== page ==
Interview with Basil Zavoico, IMF resident representative in Azerbaijan
Question: On 24 June 2005 the Executive Board of the International Monetary Fund (IMF) considered the fifth review on Azerbaijan under the Poverty Reduction and Growth Facility (PRGF) program. Refusing from the last installment allotted under the program Azerbaijan actually sanctioned the completion of the PRGF. How does the IMF see the years of cooperation with Azerbaijan tracing back? What was the dynamic of the cooperation? Which problems have been resolved in this period?
Answer: Fund-supported programs over the past 10 years have helped Azerbaijan make progress towards a market economy. Early programs focused necessarily on macroeconomic stabilization and later programs added greater emphasis on structural reforms. Considerable success was achieved in reaching and maintaining single digit inflation. However, in 2004 double digit inflation returned as fiscal and income policies were loosened, and appropriate policy responses were delayed. As regards structural reforms, a recent report by the Fund concluded that the authorities and staff repeatedly underestimated the complexity of structural reforms included in programs, with the result that implementation was either delayed or the architecture of the reforms had to be reformulated. Looking ahead, the same report argued that Azerbaijan faces a critical challenge of ensuring sustainable growth in non-oil output, export diversification, and a reduction in poverty at a time when oil revenues are projected to increase substantially. This may give rise to temptations to overspend, leading to Dutch Disease that will make the attainment of these goals more difficult. Further details regarding the history of cooperation between the Fund and Azerbaijan are available in the recent report titled вЂњAzerbaijan Republic вЂ" Ex Post Assessment of Longer-Term Program EngagementвЂќ (Country Report 05/259) which can be accessed on our local IMF website (www.imf-az.org).
Question: How does the IMF estimate the current economic situation in Azerbaijan? What are the major problems of the Azeri economy at the moment?
Answer: The IMF expects that growth will accelerate in coming years вЂ" with real GDP growth expected to rise by 24 percent in real terms in 2006. However, it should be noted this acceleration will be on account of the developments in the oil sector вЂ" which does not generate much income or employment opportunities. Growth in the more important sector for the average Azeri вЂ" the non-oil sector вЂ" is expected to decline somewhat in 2006 to about 8 percent from about 10 ВЅ percent in 2005. Among the obstacles to faster growth in the non-oil sector are the real exchange rate appreciation arising from early symptoms of Dutch Disease and a difficult business climate. Since the development of the non-oil sector is a key objective as regards creating income and employment for the average Azeri, the major problem for the Azeri economy is how to address these two questions. On Dutch Disease, it is well known from the experience of other resource rich countries that the overspending of natural resource wealth can result in rapid real exchange rate appreciation вЂ" which will take the form of either inflation or nominal exchange rate appreciation вЂ" or a combination of both. This can rapidly undermine the non-oil traded goods sector вЂ" and as this includes much of the agricultural sector in Azerbaijan, this has important implications for poverty reduction and regional development. Moreover, as the вЂњoil boomвЂќ in Azerbaijan is only expected to last 10-15 years вЂ" it is vital to build up the non-oil traded sector today so that when the oil runs out, there is a sustainable and productive economy left to provide jobs and incomes for the population. On business climate, I would like to underline the importance of a good business climate for encouraging private investment вЂ" both foreign and domestic - which is essential for the development of the non-oil economy. But new investors are guided by the experience of existing investors, and some recent developments вЂ" especially on the part of foreign investors (e.g., Garadagh Cement) have been worrisome. Unless these concerns are remedied in a transparent and legal fashion вЂ" this may soon create the impression on the part of the international community that investors are not welcome here. Artificial monopolies have also been a concern, and the Ministry of Economic Development made a start in investigating this question in mid-August by identifying 16 commodities which may have been artificially monopolized. It also demonstrated that the import prices of most of these commodities are significantly lower than world market prices, suggesting that selected importers have been underinvoicing the goods they brought into the country and thus have not been fulfilling their obligations before the State Customs Committee. The Fund will be following up on progress in the investigation of this question on future missions. I would also expect that the newly formed Anti-Corruption Commission would look at all these questions in the nearest future.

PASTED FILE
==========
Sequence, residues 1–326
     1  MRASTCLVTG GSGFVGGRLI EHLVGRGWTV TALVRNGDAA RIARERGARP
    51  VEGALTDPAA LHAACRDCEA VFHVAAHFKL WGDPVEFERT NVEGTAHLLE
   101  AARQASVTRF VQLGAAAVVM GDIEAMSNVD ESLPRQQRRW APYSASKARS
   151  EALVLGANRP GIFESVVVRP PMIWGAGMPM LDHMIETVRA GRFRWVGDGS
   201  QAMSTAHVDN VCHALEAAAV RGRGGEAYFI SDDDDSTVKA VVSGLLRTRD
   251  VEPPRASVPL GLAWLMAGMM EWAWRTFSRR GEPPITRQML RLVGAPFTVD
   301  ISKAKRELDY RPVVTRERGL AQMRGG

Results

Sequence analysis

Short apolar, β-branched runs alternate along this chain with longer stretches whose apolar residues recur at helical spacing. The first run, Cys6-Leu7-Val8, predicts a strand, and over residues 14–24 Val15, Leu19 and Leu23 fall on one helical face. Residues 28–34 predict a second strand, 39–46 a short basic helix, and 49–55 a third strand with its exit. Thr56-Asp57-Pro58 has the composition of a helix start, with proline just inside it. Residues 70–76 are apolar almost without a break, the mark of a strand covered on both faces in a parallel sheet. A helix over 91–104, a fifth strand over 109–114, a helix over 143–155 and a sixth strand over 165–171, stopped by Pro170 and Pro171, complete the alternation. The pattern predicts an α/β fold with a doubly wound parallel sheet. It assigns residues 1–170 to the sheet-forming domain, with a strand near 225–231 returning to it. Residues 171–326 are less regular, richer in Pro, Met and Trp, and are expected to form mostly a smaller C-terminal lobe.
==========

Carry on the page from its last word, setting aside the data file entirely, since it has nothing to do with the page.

Question: The IMF has shown the concerns the on the problem of inflation. As of end 2005 the government expects the one-digit inflation, while as of next вЂ" 9%-figure. What is the probability for the implementation of the indices? How does the IMF estimate the actions taken by the government for restraining the inflation processes and what are the ideal forms?
Answer: The GovernmentвЂ™s target of 9 percent inflation by end-2005 may still be achievable, but this will require careful management of public spending, careful management of spending by state-owned enterprises (especially in the energy sector), and the implementation of a tight monetary policy by the National Bank. If these conditions are not met, a decline from the current double digit inflation may not be possible.
Question: The Finance Ministry has recently publicized the 2006 public budget forecasts. Does the IMF agree with its parameters, or have notes in this issue? What is the FundвЂ™s estimation on the public budget expenses? Does the IMF agree with the ideas on financing the infrastructure projects at the expense of the State Oil Fund?